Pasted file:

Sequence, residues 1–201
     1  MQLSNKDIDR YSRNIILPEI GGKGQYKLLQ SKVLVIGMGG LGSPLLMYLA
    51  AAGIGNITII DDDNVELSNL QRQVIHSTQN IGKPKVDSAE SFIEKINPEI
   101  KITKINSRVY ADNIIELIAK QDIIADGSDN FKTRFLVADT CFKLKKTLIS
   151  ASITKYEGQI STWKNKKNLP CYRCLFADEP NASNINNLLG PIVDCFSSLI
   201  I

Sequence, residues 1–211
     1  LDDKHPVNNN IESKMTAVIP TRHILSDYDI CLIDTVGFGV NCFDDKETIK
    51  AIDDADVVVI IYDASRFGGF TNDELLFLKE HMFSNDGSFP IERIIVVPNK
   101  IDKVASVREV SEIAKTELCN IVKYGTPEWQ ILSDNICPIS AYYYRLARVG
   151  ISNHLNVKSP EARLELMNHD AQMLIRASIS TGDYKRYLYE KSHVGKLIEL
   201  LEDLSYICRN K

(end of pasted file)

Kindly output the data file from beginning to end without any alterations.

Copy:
Sequence, residues 1–201
     1  MQLSNKDIDR YSRNIILPEI GGKGQYKLLQ SKVLVIGMGG LGSPLLMYLA
    51  AAGIGNITII DDDNVELSNL QRQVIHSTQN IGKPKVDSAE SFIEKINPEI
   101  KITKINSRVY ADNIIELIAK QDIIADGSDN FKTRFLVADT CFKLKKTLIS
   151  ASITKYEGQI STWKNKKNLP CYRCLFADEP NASNINNLLG PIVDCFSSLI
   201  I

Sequence, residues 1–211
     1  LDDKHPVNNN IESKMTAVIP TRHILSDYDI CLIDTVGFGV NCFDDKETIK
    51  AIDDADVVVI IYDASRFGGF TNDELLFLKE HMFSNDGSFP IERIIVVPNK
   101  IDKVASVREV SEIAKTELCN IVKYGTPEWQ ILSDNICPIS AYYYRLARVG
   151  ISNHLNVKSP EARLELMNHD AQMLIRASIS TGDYKRYLYE KSHVGKLIEL
   201  LEDLSYICRN K